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Posts with the Tag “gems”

Deliberative Publicity

Deliberative Publicity by Chris Karpowitz and Chad Raphael, was published on the Deliberative Democracy Consortium blog in April 2015. The article talks about the evolving role of publicity around deliberative forums, and how deliberative publicity has the power to amplify the public’s voice and create meaningful connections to the larger political structure. Karpowitz and Raphael analyzed a wide variety of deliberative forum practices, and found that many had opportunities for improvement when publicizing a forum around transparency and accurately sharing participant’s viewpoints. They recognized the growing […] (continue)

What’s Race Got to Do with It? (Video)

The 49-minute video, What’s Race Got to Do with It?, published by California Newsreel in 2006, shows the journey of a diverse group of 16 UC Berkeley students who participated in a semester-long intergroup dialogue program sponsored by University of California, Berkeley Ethnic Studies Department and Stiles Hall. The students were part of the class, “FACING YOU, FACING ME: Race, Class & Gender Among UCB Student Leaders”, led by David Stark and co-facilitator, Jerlena Griffin-Destaco. An online facilitator’s guide is available on PDF here. Below is a six minute clip from […] (continue)

Deliberation: A SUNY Broome & Windsor Middle School Collaboration

Deliberation: A SUNY Broome & Windsor Middle School Collaboration (2015), is an eight-minute video documenting the collaborative experience of students engaging in deliberation during the Fall 2014. The video shows the experience between SUNY Broome Civic Engagement Center and Windsor Middle School, where students used deliberation to better understand the American Revolution. Check out the video below or read more about in on NIFI’s blog here. From NIFI… (continue)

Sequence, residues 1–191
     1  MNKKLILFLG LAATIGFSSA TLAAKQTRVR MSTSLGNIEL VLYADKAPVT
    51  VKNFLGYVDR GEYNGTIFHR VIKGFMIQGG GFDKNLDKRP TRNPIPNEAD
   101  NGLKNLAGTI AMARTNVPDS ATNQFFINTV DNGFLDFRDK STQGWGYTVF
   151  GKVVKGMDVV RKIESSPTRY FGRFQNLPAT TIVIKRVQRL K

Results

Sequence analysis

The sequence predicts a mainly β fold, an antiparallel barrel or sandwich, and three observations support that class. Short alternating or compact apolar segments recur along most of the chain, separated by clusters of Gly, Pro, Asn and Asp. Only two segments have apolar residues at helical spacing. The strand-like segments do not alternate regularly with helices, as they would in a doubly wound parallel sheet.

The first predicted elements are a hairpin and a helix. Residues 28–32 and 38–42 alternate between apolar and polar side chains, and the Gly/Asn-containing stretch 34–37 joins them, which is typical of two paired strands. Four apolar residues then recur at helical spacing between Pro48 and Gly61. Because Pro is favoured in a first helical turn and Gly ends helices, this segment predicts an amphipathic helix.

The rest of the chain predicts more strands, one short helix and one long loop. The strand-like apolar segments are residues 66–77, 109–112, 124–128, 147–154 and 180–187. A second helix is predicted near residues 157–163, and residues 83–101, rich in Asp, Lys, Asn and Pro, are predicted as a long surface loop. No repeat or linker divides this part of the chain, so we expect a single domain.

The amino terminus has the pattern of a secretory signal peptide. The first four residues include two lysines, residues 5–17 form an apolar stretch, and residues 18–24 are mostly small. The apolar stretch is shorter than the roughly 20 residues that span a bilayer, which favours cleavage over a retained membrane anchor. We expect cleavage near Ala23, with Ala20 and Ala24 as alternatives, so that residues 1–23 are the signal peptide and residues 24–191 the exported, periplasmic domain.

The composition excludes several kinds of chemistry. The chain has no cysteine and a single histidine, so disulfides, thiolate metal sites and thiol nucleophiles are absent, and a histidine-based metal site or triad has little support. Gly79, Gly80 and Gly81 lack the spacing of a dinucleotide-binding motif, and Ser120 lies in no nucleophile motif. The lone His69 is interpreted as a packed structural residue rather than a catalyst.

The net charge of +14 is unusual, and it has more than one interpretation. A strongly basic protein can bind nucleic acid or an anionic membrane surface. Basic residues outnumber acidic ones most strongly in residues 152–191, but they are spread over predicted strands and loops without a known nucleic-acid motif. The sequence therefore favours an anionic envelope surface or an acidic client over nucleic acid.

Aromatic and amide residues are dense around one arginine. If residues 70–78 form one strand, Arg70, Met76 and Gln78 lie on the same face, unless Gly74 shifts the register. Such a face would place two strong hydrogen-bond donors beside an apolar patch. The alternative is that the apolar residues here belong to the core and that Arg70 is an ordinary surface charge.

Reaching Out Across the Red-Blue Divide, One Person at a Time

The four-page conversation guide, Reaching Out Across the Red-Blue Divide, One Person at a Time (2009), was written by Maggie Herzig from Public Conversations Project. This useful guide provides a framework for navigating highly polarized conversations and includes several starter questions to help keep the dialogue open. Read the intro to the guide below and download the PDF, as well as, find the original guide on PCP’s blog here. From the guide… What this guide offers This guide offers a step-by-step approach to inviting one other person—someone whose […] (continue)

7 Tips For Facilitating Discussions On Community-Police Relations

The article from Everyday Democracy, 7 Tips For Facilitating Discussions On Community-Police Relations, offers seven guidelines for creating a more comfortable space when facilitating dialogue between the community and police. Below are the seven tips and on Everyday Democracy’s site, you can find the full tip guidelines with examples. Check out it on their site here. From Everyday Democracy… Having conversations about community-police relations can sometimes be uncomfortable. To help dialogue participants feel at ease, facilitators should come prepared to explain certain points at the beginning […] (continue)

A Conversation on the Nature of Leadership